After taking the compatibility quiz, you can build out your profile, which took me at least 20 minutes. You can click from a long list of icons that represent your lifestyle and include interests and hobbies (ex. art, listening to music, etc.), sports, travel preferences, and more. There are also a bunch of questions and prompts you can write an answer to, like “If I need advice, I’m calling…” Like other dating services, the app also prompts you to upload photos. And don’t think you can skip over this detailed process: In the free version, you have to fill out enough of your profile to even message or see other users.
The website is pretty simple to navigate after that, and you can search for people to match–who are in the preferences you choose. When you visit someone’s profile, you get a compatibility score, which represents how your compatibility quiz results align. It was definitely interesting to scan through and see if they’re as empathetic as I am, if they’re more emotional or logical, or if they are adventurous. I could see how knowing some of those aspects would make me more or less interested in someone. And if you pay, you can also see people whose profiles you visited, and vice versa.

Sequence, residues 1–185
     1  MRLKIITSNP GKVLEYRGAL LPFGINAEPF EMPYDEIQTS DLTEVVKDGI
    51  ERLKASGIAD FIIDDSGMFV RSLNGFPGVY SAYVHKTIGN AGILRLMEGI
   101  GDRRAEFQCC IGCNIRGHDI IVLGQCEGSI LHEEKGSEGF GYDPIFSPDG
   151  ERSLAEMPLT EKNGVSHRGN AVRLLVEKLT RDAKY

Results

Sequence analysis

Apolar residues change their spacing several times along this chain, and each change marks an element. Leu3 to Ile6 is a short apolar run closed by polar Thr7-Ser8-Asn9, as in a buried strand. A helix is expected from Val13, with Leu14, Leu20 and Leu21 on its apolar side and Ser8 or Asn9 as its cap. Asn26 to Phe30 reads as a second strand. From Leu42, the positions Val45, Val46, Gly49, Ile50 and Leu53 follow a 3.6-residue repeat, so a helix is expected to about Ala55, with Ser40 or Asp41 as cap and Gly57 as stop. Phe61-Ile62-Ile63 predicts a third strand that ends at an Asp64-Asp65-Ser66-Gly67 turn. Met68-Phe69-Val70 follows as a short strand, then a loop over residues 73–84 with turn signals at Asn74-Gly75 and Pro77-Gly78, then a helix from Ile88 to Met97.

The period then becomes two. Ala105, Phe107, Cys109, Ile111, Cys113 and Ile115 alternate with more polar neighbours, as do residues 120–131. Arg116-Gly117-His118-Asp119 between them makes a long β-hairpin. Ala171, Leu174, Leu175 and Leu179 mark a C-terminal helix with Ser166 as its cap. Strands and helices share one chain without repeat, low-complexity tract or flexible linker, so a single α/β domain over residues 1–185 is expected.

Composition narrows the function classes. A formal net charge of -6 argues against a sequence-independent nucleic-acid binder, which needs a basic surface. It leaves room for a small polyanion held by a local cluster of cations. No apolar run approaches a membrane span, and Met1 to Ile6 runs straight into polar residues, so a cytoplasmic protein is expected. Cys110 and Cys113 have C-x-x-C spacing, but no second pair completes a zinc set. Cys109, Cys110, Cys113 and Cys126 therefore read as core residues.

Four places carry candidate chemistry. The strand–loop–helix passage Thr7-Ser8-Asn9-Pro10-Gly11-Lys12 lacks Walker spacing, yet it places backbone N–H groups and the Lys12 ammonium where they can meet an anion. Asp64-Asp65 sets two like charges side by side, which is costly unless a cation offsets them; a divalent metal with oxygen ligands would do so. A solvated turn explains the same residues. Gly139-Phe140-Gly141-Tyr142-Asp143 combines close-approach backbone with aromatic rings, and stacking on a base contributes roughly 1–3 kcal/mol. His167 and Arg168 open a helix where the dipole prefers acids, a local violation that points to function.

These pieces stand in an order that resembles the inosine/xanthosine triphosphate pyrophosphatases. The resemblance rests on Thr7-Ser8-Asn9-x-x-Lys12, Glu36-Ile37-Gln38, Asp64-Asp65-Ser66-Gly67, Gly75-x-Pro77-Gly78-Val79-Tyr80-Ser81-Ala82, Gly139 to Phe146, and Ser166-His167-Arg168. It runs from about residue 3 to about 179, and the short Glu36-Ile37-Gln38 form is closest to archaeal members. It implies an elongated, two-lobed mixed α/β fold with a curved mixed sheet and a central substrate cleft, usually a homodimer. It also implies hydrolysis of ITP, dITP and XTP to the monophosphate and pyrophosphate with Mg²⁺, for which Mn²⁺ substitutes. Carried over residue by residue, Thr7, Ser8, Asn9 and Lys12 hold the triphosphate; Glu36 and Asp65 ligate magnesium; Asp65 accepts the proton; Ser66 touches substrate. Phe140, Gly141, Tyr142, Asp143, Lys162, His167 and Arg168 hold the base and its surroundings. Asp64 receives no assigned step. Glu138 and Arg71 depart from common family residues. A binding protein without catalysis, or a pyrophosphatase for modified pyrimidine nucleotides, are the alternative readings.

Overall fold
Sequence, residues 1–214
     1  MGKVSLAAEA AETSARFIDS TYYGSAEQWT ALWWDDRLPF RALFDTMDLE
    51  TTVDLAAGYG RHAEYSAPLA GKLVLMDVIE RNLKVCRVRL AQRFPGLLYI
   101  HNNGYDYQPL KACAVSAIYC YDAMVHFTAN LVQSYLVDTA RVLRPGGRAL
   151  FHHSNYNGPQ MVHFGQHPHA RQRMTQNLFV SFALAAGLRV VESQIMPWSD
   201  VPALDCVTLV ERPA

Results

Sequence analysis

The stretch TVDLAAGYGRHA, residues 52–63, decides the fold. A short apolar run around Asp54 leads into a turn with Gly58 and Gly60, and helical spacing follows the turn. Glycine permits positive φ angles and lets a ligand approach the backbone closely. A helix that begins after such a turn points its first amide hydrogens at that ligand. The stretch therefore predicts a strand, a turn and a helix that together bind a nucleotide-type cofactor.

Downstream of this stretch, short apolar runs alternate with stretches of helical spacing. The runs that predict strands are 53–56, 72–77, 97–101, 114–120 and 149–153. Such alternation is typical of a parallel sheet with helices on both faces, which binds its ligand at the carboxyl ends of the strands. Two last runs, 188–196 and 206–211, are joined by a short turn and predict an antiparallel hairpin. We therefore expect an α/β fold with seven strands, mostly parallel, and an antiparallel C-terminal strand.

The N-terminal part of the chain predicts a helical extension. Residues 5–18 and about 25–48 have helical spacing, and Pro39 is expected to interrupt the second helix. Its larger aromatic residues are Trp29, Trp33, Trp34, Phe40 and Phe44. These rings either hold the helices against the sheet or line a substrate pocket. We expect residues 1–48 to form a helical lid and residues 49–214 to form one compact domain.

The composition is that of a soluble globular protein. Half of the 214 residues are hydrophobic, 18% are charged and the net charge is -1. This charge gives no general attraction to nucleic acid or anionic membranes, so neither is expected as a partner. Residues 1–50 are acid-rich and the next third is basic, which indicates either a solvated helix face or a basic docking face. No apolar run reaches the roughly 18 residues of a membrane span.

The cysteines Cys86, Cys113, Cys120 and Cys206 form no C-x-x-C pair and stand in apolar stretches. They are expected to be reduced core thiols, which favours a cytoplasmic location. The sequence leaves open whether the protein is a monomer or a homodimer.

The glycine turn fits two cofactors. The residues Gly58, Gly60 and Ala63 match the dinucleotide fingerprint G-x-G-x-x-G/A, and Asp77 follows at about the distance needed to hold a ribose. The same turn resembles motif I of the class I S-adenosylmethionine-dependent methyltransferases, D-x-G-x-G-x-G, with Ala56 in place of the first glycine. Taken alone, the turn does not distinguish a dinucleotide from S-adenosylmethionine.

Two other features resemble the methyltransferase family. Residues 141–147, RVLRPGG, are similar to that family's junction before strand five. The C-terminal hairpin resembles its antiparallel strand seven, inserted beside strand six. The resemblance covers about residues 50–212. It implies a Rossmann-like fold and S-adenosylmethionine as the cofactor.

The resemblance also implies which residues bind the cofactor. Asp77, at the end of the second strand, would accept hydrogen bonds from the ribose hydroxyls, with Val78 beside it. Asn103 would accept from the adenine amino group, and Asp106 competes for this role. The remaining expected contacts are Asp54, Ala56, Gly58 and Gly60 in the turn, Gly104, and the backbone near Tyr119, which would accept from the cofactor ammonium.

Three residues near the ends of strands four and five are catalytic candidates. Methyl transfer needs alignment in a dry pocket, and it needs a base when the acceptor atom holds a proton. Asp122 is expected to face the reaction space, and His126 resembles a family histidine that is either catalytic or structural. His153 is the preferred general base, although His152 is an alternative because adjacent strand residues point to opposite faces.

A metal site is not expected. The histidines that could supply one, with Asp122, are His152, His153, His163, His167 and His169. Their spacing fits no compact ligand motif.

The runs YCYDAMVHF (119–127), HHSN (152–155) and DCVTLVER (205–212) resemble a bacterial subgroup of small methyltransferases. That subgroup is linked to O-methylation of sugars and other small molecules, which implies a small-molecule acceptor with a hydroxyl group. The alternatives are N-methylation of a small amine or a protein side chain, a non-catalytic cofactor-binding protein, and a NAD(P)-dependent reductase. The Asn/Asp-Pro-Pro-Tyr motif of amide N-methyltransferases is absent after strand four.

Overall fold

It’s important to note: There’s a huge difference between the free and paid versions once you get to the stage of seeing other profiles. To actually see your match’s photos and send messages, you have to pay for a premium membership. Otherwise, the photos will be blurred, and you’ll have very limited messaging capabilities. In other words, there’s honestly not much you can do without paying.